You're right, I probably shouldn't have, I know you were just trying to help. If you edit it I'll undo my downvote. –  ripper234 May 28 '11 at 11:14
    
Thanks, edited it with another way to accomplish the same task. –  ebneter May 29 '11 at 4:03
    
Your answer helped me thanks ;) But at the end of the command, the path must be present like this: git push --all ../test_repo the repo's URL at the end of the command ;) –  Metafaniel Aug 29 '12 at 21:47
show 1 more comment

This related question's answer provided the solution for me... it was just a dumb mistake:

Remember to commit first!

http://stackoverflow.com/a/7572252

If you have not yet committed to your local repo, there is nothing to push, but the Git error message you get back doesn't help you too much.

share|improve this answer
2  
Commit first! DOH! Thanks. Git error messages are garbage! –  doug65536 Jan 17 at 0:16
add comment

Try this in your alice repository (before pushing):

git config push.default tracking

Or, configure it as the default for your user with git config --global ….


git push does default to the origin repository (which is normally the repository from which you cloned the current repository), but it does not default to pushing the current branch—it defaults to pushing only branches that exist in both the source repository and the destination repository.

The push.default configuration variable (see git-config(1)) controls what git push will push when it is not given any “refspec” arguments (i.e. something after a repository name). The default value gives the behavior described above.

Here are possible values for push.default:

  • nothing
    This forces you to supply a “refspec”.

  • matching (the default)
    This pushes all branches that exist in both the source repository and the destination repository.
    This is completely independent of the branch that is currently checked out.

  • upstream or tracking
    (Both values mean the same thing. The later was deprecated to avoid confusion with “remote-tracking” branches. The former was introduced in 1.7.4.2, so you will have to use the latter if you are using Git 1.7.3.1.)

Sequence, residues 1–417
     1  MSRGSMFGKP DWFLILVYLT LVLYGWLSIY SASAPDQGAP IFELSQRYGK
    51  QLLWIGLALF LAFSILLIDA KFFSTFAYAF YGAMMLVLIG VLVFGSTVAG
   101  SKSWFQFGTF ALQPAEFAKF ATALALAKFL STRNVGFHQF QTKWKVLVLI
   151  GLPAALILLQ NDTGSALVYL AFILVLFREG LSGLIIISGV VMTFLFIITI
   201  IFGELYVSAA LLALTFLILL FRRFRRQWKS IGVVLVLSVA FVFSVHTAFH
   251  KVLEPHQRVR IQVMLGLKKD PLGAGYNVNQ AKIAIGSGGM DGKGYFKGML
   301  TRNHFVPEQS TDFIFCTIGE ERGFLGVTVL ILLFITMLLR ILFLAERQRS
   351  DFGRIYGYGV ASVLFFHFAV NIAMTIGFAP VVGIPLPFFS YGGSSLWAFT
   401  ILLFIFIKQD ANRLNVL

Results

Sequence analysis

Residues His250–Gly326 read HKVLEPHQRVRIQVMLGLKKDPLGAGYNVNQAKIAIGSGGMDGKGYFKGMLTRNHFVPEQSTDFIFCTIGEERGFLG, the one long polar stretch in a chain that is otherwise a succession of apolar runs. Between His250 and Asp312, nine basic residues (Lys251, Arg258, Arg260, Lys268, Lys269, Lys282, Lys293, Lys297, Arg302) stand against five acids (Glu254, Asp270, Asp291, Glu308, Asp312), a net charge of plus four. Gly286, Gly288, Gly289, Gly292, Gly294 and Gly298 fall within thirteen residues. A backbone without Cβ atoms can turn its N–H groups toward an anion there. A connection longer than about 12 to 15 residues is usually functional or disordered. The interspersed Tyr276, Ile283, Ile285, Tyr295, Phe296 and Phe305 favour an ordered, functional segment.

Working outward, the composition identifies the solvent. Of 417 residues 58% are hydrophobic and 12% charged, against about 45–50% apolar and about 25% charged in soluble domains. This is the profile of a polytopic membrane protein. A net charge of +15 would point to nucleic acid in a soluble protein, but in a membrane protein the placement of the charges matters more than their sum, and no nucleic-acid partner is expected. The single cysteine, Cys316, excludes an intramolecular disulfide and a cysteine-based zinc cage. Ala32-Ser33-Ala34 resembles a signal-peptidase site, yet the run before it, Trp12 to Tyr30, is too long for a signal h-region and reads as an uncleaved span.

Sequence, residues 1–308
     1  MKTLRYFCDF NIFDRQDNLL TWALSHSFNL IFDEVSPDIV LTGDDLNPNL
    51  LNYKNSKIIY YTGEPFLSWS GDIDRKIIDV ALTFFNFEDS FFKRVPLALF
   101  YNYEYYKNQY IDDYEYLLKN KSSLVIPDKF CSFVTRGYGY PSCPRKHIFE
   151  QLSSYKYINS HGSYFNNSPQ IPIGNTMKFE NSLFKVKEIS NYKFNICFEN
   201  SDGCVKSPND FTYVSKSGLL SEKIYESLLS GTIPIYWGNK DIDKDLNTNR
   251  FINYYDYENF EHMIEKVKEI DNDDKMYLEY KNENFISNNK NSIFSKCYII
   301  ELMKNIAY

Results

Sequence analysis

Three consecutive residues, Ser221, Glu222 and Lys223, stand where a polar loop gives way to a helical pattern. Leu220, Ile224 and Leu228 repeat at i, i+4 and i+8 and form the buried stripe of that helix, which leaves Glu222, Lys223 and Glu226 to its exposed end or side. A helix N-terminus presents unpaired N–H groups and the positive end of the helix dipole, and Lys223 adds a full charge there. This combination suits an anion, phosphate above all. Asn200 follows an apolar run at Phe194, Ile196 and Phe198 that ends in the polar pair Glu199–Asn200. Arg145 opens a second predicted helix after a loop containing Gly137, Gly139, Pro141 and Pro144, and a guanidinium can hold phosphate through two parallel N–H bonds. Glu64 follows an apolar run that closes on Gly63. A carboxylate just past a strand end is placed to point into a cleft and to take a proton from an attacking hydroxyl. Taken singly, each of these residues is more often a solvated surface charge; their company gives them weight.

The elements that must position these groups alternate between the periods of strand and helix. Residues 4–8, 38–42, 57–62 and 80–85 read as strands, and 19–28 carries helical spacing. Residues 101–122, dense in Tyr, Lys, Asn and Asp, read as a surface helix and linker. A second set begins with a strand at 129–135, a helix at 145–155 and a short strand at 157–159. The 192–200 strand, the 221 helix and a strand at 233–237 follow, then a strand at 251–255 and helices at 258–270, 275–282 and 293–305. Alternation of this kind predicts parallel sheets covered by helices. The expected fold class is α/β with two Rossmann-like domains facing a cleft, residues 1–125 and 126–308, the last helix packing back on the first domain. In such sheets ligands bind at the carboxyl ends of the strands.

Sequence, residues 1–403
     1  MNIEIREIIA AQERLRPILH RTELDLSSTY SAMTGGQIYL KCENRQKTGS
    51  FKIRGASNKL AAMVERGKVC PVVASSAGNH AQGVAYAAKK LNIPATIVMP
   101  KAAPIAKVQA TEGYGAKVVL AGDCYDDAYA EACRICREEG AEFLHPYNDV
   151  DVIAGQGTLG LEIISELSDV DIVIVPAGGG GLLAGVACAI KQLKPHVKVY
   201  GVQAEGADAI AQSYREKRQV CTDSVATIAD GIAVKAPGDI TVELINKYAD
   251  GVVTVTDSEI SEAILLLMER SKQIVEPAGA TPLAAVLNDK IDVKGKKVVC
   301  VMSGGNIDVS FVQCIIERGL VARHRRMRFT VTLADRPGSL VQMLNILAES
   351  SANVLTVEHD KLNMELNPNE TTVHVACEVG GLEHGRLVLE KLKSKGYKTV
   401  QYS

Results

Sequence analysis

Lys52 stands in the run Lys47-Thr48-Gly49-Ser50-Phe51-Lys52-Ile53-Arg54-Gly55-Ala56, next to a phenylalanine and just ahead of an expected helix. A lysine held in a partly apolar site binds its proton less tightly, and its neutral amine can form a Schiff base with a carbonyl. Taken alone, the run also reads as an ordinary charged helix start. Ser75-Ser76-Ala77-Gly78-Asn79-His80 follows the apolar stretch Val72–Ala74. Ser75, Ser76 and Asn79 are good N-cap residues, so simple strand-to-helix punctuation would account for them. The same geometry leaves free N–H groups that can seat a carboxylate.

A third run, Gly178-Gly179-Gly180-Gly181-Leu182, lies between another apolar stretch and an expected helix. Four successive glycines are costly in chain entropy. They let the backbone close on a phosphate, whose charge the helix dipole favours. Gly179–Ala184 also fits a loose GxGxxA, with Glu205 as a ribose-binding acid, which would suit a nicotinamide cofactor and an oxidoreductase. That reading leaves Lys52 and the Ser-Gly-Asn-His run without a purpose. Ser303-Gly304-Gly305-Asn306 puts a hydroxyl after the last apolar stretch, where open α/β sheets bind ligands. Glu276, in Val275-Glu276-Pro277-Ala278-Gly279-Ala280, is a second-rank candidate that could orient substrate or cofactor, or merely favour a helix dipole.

These push the current branch to the branch specified by its “upstream” configuration.

  • current
    This pushes the current branch to the branch of the same name at the destination repository.

    These last two end up being the same for common cases (e.g. working on local master which uses origin/master as its upstream), but they are different when the local branch has a different name from its “upstream” branch:

    git checkout master
    # hack, commit, hack, commit
    
    # bug report comes in, we want a fix on master without the above commits
    
    git checkout -b quickfix origin/master  # "upstream" is master on origin
    # fix, commit
    git push
    

    With push.default equal to upstream (or tracking), the push would go to origin’s master branch. When it is equal to current, the push would go to origin’s quickfix branch.

The matching setting will update bare’s master in your scenario once it has been established. To establish it, you could use git push origin master once.

However, the upstream setting (or maybe current) seems like it might be a better match for what you expect to happen, so you might want to try it:

# try it once (in Git 1.7.2 and later)
git -c push.default=upstream push

# configure it for only this repository
git config push.default upstream

# configure it for all repositories that do not override it themselves
git config --global push.default upstream

(Again, if you are still using a Git before 1.7.4.2, you will need to use tracking instead of upstream).

share|improve this answer
add comment

Your Answer

 
discard

By posting your answer, you agree to the privacy policy and terms of service.

Not the answer you're looking for? Browse other questions tagged or ask your own question.